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Bad Moms Go Back to School

Usually I post about food and nutrition science, but this week’s post is a bit more philosophical. It concludes with some simple tips for back to school nutrition and wellness, so feel free to skip ahead…

As a mother of 3 sons who are teenagers and beyond, I am at the point in my life where I ask “Did I do enough? Teach the right things? Grow a good person?”

I’m going to pat myself on the back and say, “yes”. I probably did too much at times, taught the wrong things, and wasn’t always a perfect role model, but you know what? Who is perfect? Nobody.

As parents you go through quite the lifecycle. You have babies that you feed well, cuddle and nurture. You make sure they are accomplishing their birth age development skills, you take them to the pediatrician when they’re sick. When they become school-age (now at age 3 for preschool), you make sure they can separate and become social creatures. You help with homework and pack healthy lunches and snacks all through elementary school. You buy a cool backpack for the awkward middle school years, hoping they’ll find a place to fit in. Then high school begins and you have to start letting go.  What’s done is done, and they have to start making choices that you pray are the right ones. You become a safety net. You take the late night calls, you breathe a sigh of relief when the garage door opens and your teen get home safely, you worry less about their soda consumption or obsession with smoothies, and more about their safety and overall well-being.


Health Halo: Junk foods that market “healthy”

Back to School, Drop the Shame

Which brings me to the Back to School theme and the Bad Moms movie. I went to see the movie Bad Moms with a few girl friends last week. I did laugh out loud. The movie was over the top (on purpose) to show us how crazy and warped parenting rules have become.

I’m calling all moms of school aged children to cut themselves a break. There is so much food shaming out there that even the most level headed mother will start to question herself. Personally, I feel the Organic food industry invented the notion of feeling shameful for choosing a treat for your child. I’m not talking about organic apples, carrots, or bananas, but the huge industry of packed Organic snacks that have a health halo around them. Since moms continue to be the primary shopper in the household, there’s no question that this industry is marketing to them.

Me? I’m old school  I buy my kids original junk food.


Now that school is back in session, or soon to be, give yourself a break. Be a “Bad Mom” (i.e., imperfect but balanced, allowing time for yourself, and providing a reasonably healthy diet for your kids, along with enough downtime for everyone). Consider this:

  1. Don’t overdo it. It’s okay to bring your B game to the first day of school.  Remember that there’s plenty of time the first few weeks of school to pick up snacks or school supplies. For whatever reason, we moms tend to go into “nesting” mode the days leading up to school. As if you can’t buy notebooks or a pair of jeans on September 10th or something.
  2. If you don’t get a photo of “the first day”, let it go. This obsession with fancy Pinterest-worthy photo moments of kids holding a plaque of their grade on a cute little chalk board, drawn with  perfect calligraphy, is a bit much. And way too much pressure for moms who don’t have the time or skill for such things. Trust me, when you child moves to college they aren’t going to care about their outfit on the first day of 6th grade. Matter of fact, they may wish to erase that memory.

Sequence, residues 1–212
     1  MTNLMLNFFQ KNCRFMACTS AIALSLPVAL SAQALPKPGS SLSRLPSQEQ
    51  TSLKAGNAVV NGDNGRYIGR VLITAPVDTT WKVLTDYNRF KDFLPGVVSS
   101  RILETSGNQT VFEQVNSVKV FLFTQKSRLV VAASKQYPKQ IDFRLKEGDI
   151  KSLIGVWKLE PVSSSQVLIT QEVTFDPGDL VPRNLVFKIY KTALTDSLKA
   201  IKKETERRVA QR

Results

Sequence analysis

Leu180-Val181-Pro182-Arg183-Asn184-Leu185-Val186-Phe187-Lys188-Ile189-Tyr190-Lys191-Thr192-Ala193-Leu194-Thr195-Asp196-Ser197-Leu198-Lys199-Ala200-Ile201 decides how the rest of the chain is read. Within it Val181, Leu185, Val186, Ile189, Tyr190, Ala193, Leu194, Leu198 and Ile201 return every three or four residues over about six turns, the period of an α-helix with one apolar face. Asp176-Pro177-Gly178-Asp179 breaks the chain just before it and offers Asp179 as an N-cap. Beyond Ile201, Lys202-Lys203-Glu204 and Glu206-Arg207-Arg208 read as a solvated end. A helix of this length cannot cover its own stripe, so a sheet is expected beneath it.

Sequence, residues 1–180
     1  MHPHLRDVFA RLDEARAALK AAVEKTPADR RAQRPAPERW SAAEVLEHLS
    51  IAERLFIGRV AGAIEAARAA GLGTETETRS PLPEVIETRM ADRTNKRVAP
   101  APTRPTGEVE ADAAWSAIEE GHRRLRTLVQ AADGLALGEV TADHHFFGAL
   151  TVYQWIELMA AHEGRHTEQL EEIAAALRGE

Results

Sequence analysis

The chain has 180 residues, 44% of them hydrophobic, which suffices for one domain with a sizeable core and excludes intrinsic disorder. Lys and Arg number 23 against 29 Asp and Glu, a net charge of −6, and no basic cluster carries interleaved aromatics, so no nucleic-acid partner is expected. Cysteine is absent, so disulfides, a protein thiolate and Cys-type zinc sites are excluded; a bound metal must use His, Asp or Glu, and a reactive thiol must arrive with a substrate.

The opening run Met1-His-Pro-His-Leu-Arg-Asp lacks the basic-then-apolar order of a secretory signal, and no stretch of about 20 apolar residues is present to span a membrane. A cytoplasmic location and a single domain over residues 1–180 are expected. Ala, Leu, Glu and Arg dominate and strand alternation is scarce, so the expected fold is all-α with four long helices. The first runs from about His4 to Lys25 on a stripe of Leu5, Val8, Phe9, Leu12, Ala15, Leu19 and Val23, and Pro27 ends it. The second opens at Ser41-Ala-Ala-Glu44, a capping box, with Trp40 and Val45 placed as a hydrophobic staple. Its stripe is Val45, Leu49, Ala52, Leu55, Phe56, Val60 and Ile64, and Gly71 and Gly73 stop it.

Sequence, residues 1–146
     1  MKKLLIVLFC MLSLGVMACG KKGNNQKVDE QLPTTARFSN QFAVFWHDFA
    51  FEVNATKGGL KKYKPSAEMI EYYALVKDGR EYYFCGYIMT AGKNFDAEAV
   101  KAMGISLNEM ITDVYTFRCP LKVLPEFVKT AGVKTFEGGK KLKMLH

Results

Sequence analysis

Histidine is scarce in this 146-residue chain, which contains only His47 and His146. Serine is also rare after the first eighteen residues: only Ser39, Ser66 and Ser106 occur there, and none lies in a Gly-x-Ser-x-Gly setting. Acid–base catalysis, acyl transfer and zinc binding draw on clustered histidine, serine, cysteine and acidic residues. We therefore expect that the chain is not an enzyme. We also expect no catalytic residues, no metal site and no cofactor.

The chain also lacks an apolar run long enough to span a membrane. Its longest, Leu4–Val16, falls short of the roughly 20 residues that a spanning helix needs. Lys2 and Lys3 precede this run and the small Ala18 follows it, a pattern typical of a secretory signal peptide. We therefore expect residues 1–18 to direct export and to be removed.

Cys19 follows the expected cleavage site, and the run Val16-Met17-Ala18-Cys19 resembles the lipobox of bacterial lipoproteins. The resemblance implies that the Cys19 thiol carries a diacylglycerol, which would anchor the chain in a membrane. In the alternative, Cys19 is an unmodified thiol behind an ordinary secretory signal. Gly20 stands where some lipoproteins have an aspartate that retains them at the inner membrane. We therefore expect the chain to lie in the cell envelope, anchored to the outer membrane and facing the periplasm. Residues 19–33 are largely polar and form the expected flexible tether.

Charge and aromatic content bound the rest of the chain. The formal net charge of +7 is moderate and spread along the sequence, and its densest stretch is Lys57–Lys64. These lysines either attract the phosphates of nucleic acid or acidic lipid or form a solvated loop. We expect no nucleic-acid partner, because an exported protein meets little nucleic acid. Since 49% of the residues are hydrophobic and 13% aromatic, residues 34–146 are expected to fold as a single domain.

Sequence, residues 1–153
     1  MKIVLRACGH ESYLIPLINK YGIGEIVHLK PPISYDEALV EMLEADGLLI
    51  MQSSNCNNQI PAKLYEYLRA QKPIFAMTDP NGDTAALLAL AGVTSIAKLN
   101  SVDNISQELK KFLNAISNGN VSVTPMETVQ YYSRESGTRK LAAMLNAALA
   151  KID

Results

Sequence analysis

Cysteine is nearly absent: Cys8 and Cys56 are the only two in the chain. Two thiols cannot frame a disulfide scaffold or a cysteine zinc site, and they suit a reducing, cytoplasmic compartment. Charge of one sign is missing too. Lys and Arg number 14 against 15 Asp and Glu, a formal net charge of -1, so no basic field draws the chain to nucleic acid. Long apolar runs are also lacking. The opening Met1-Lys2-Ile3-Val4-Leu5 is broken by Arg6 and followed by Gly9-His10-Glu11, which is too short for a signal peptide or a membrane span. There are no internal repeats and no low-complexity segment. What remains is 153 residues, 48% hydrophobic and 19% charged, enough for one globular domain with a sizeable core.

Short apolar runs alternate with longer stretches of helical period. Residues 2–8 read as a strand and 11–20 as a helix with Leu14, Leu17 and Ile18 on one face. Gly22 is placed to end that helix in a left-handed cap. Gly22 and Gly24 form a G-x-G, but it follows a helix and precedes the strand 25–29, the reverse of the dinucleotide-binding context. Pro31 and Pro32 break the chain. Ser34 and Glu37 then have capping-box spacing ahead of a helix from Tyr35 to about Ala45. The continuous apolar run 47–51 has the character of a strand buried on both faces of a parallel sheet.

3. Encourage breakfast. While the research that breakfast improves school performance is now being questioned, fueling the body in the morning is a good idea, especially for younger children. Keep it quick and simple: A small bowl of cereal with milk, fruit, a glass of milk or yogurt smoothie, and English muffin or frozen waffle with peanut butter.
  4. It’s okay to pack potato chips. My children love a lunch box that includes a small 1-ounce bag of chips. Love. It. Check here for more.
  5. Fruit and veggies balance out the chips. Pack either packaged or fresh – and be sure they are the ones your kids will eat. As we dietitians like to say, “It’s not nutrition if you don’t eat it”. Pack at least one likable fruit or veggie every day in the lunch bag or box.
  6. I recommend variety, but I can tell you that during the school year my children were pretty happy with routine. They often would pack the same things daily: peanut butter and jelly, a ham sandwich, applesauce or grapes, yogurt, chips, milk. We used the variety rule during the summer. If you can get your child to embrace mixing it up, awesome. But if you can’t, don’t worry. Not all kids are born to crave turkey wraps with sprouts and avocado. I love those, but my kids don’t (Exposure is good though. It’s good that your child can identify the vegetable or fruit, but don’t force them to eat it). And truthfully, I didn’t eat avocados or sprouts until my twenties when I took a trip to Nevada and California. So there’s plenty of time for your child to try new foods and embrace them on his own terms.
  7. Do have an after school snack plan. If your child stays at school, offer to bring something healthy in. If they are old enough to come home alone, have a plate of sliced cheese with fruit ready in the fridge, easy-to-reheat leftovers, or a sandwich ready to eat. Encourage teens to have something substantial and healthy over junk food after school.
  8. Fuel an athlete. Once your child is in middle or high school, they might begin to understand reason that what they eat does impact their performance. Pour them a big glass of chocolate milk when they get home along with a sandwich. Then have a balanced dinner too.